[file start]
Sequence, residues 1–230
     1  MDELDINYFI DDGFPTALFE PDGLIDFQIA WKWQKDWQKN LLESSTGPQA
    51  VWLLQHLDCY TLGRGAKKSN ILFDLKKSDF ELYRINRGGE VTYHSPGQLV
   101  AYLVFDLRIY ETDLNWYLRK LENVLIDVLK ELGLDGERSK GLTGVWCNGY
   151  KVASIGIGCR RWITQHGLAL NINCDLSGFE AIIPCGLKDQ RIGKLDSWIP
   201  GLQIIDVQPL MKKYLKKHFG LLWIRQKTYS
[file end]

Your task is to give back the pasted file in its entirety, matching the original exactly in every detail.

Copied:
Sequence, residues 1–230
     1  MDELDINYFI DDGFPTALFE PDGLIDFQIA WKWQKDWQKN LLESSTGPQA
    51  VWLLQHLDCY TLGRGAKKSN ILFDLKKSDF ELYRINRGGE VTYHSPGQLV
   101  AYLVFDLRIY ETDLNWYLRK LENVLIDVLK ELGLDGERSK GLTGVWCNGY
   151  KVASIGIGCR RWITQHGLAL NINCDLSGFE AIIPCGLKDQ RIGKLDSWIP
   201  GLQIIDVQPL MKKYLKKHFG LLWIRQKTYS